And after Japan’s GDP growth rate in the last three months of last year was zero, experts expected the economy to grow just 0.1% in the first quarter, but the result exceeded 3 times this figure.
Government data also showed on Wednesday that the world’s third-largest economy grew 1.6% year-on-year in the January-March period, far beating expectations for growth of 0.7%. registering the first growth in three quarters on a quarterly basis.
But growing signs of slowing growth in the United States, Europe and China are clouding the outlook for Japan’s export-dependent economy, adding to uncertainty over how quickly the Bank of Japan will end its lockdown. massive stimulus program.
“Consumption will continue to support growth as the removal of coronavirus restrictions boosts spending in tourism and services,” said Yoshiki Shinki, chief economist at the Dai-ichi Research Institute.
“However, the economic recovery will be moderate as weak external demand will affect exports. It will be a tug of war between strong domestic demand and stagnant exports,” he said.
Private domestic consumption, which accounts for more than half of the economy, rose 0.6% in the January-March period from the previous quarter as the country’s post-pandemic reopening boosted spending on services . This is more than expected for a 0.4% increase.
Capital spending data was also positive, surprisingly up 0.9% against expectations of a 0.4% decline.
Japanese Economy Minister Shigeyuki Goto said Japan’s nominal GDP hit a record high of 570.1 trillion yen (about $4.22 trillion), buoyed in part by rising prices.
However, Goto said caution was in order: “We need to pay close attention to the global economy and the implications for financial markets and rising interest rates on the real economy,” he said. -he declares.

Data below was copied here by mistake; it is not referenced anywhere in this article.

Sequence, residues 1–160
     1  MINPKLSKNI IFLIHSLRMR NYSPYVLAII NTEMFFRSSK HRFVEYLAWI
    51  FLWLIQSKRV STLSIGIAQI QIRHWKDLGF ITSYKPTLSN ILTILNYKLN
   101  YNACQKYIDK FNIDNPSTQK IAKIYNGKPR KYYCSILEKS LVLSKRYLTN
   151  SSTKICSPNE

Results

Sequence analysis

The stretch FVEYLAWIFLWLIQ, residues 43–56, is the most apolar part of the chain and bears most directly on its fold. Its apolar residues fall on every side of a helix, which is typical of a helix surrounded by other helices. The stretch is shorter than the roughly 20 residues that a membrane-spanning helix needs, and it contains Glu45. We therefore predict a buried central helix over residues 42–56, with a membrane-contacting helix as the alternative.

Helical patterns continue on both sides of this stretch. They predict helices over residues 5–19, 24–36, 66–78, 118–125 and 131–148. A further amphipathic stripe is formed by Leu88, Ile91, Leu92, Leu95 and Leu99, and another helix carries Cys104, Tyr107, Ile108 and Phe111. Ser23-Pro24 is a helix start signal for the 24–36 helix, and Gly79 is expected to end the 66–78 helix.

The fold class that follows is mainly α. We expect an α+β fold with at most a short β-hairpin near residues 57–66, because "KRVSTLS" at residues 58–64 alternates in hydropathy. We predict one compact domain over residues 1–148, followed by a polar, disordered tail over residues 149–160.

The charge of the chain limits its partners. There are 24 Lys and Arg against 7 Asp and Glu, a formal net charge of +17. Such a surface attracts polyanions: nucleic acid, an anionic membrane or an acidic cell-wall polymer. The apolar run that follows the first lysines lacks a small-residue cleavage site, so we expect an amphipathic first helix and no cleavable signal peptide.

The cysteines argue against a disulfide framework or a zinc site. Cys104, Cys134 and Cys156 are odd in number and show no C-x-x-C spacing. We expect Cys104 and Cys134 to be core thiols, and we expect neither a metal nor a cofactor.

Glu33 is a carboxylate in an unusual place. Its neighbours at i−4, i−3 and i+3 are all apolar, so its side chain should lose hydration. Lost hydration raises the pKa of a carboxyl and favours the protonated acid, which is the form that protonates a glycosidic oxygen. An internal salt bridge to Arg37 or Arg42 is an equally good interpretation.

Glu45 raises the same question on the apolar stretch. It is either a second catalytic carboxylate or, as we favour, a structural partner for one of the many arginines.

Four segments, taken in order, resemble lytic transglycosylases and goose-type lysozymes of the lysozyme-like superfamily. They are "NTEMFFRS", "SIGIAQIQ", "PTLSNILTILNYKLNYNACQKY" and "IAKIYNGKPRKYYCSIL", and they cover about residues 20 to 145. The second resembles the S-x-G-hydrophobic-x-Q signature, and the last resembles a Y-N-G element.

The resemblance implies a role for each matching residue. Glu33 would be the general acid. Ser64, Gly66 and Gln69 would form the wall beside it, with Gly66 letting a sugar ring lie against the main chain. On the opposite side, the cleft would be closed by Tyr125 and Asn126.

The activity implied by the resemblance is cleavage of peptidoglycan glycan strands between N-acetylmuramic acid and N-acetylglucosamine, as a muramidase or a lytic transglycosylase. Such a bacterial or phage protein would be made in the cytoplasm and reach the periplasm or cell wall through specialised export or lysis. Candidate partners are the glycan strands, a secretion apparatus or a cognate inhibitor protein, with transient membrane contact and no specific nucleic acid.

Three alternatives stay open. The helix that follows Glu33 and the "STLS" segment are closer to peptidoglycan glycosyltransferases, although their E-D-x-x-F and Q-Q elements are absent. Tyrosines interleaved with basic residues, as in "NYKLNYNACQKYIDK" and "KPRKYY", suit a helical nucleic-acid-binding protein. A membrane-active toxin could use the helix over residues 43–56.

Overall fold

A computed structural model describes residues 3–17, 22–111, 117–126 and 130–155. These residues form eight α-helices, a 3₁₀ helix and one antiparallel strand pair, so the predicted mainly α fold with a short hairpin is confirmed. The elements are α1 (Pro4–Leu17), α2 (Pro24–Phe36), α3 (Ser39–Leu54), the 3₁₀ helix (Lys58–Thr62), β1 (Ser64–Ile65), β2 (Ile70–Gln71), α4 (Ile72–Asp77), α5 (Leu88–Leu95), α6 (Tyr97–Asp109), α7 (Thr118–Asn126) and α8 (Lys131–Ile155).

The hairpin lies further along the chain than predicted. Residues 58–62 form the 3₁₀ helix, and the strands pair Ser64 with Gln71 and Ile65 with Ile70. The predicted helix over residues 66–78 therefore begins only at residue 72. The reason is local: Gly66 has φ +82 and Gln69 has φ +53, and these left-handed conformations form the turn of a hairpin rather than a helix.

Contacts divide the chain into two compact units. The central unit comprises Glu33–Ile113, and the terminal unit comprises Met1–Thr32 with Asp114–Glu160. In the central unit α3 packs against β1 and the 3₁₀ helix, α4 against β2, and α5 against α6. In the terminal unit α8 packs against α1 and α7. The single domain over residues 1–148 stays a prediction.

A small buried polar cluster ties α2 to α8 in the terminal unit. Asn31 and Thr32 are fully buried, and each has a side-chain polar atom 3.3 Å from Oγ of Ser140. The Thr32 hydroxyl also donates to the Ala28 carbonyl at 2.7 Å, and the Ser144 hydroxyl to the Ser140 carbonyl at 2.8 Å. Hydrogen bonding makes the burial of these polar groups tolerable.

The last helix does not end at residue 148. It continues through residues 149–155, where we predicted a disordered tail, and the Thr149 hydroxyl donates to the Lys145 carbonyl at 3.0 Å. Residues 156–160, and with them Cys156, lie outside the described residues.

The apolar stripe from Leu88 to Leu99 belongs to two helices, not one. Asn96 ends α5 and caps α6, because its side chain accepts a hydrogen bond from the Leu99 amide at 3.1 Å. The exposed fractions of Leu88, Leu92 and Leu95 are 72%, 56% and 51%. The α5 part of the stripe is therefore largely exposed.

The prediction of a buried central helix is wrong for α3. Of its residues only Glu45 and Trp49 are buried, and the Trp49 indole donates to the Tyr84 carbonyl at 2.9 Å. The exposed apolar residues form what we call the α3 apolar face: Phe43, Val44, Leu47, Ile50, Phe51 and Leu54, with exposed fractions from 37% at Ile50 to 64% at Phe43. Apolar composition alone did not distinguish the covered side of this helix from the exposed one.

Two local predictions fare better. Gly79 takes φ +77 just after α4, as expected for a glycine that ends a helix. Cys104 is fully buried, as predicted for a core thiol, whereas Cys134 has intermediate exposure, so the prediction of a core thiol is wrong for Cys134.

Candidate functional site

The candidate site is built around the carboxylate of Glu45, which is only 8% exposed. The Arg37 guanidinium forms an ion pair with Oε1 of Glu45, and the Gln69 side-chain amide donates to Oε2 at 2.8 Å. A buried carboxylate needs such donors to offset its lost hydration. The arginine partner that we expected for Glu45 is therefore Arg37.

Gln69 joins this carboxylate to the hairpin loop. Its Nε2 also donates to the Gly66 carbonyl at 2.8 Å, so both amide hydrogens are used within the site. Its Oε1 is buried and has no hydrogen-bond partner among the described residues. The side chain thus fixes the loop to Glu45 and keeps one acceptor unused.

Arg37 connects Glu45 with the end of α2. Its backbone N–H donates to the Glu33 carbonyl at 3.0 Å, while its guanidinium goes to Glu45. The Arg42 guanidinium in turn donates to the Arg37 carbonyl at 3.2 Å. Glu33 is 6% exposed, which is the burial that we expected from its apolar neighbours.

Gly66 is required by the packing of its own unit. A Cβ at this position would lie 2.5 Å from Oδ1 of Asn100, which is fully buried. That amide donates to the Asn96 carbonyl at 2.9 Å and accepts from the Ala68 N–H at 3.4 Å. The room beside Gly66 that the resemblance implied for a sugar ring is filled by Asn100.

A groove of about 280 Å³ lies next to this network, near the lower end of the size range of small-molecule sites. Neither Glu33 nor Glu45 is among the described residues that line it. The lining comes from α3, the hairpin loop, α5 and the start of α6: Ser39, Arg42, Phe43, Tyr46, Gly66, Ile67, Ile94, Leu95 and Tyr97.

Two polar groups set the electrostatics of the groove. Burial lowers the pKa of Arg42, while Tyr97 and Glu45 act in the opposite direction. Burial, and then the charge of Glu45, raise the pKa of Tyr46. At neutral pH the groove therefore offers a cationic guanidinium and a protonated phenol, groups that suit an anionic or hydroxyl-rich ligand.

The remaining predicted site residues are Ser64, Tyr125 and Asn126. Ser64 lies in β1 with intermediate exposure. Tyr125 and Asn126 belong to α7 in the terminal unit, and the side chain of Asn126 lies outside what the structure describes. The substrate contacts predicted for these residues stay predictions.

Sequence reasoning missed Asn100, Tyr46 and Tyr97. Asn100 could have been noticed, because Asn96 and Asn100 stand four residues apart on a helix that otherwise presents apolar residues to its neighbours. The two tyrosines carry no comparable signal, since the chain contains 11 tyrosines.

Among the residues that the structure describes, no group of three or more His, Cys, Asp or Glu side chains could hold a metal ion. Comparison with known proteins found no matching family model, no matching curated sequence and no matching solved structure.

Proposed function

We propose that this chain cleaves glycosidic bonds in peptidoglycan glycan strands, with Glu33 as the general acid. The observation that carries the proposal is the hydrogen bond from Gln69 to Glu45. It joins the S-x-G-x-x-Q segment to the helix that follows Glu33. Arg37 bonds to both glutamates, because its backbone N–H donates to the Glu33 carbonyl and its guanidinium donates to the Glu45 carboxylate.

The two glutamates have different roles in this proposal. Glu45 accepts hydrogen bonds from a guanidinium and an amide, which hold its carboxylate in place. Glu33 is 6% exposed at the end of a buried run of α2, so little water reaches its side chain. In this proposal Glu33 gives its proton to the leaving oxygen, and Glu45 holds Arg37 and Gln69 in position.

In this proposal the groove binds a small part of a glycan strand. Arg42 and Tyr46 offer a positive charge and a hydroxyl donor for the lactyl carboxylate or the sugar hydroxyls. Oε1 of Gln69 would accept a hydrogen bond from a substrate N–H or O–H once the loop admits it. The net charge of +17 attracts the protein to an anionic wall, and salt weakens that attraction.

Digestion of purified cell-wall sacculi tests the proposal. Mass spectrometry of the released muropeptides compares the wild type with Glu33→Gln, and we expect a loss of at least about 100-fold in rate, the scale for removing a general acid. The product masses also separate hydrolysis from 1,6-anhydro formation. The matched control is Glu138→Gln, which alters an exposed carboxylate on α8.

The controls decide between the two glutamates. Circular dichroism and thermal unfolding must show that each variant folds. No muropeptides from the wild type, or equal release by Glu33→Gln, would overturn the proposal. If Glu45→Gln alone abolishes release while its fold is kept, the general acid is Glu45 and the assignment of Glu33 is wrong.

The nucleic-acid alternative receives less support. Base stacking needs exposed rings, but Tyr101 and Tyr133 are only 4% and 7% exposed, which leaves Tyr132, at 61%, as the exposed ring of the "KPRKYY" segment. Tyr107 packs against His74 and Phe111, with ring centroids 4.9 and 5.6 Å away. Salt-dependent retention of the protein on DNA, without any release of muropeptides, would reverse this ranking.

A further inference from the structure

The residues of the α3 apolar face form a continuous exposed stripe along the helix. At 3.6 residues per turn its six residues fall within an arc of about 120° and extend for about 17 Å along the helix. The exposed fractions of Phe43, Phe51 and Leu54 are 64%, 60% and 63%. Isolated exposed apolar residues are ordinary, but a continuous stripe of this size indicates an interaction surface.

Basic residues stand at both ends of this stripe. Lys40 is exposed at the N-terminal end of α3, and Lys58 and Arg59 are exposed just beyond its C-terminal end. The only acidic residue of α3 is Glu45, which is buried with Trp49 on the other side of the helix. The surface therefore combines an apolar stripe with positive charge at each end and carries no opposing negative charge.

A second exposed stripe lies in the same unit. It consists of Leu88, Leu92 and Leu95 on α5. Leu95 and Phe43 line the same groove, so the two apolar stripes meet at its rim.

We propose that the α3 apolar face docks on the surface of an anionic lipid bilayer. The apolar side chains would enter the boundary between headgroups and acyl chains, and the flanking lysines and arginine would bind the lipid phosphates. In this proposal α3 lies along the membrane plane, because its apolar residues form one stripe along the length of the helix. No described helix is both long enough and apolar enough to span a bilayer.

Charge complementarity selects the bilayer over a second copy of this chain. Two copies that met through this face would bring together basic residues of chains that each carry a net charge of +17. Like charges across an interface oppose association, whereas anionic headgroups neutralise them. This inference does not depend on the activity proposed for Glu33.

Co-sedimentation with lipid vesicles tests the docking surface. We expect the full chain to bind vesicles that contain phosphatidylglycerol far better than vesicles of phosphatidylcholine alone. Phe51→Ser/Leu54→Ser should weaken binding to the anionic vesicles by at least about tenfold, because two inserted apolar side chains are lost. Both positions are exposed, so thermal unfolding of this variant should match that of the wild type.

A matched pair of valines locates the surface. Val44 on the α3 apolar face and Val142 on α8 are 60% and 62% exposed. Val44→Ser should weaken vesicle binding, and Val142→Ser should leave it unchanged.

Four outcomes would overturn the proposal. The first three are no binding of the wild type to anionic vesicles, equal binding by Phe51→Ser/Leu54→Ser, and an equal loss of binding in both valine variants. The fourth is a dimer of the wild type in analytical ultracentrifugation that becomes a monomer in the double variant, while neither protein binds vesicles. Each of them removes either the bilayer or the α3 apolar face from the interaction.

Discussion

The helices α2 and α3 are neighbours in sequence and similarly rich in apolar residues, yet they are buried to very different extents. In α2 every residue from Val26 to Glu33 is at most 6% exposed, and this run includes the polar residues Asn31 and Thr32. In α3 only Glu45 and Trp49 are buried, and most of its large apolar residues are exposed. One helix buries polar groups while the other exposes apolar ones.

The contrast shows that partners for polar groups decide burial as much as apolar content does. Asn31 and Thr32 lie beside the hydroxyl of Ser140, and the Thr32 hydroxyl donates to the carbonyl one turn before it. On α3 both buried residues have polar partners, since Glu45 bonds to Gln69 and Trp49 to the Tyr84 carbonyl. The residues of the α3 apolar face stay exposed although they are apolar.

Strong domestic demand offset weak exports, which fell 4.2% in the January-March period, marking the first decline in six quarters.
A decline in external demand, or net exports, reduced first-quarter gains by 0.3 percentage points, which was offset by a 0.7 percentage point increase in domestic demand.
Analysts say rising fuel and food prices, which have pushed Japanese consumer inflation above the central bank’s 2% target, could also hurt consumption unless wage increases. do not continue.
Inflation-adjusted wages fell 2.3% in the January-March period from a year earlier, more than the 1.8% drop in the previous quarter, underscoring the growing pain families due to the rising cost of living.
And the Tokyo Stock Exchange interacted positively with the GDP data, with the Nikkei index rising 0.41%, or 123.44 points, in early trading to 29,966.43 points, while the Topix index wider gained 0.11%, or 2.32 points, to reach 2129.50 points. .
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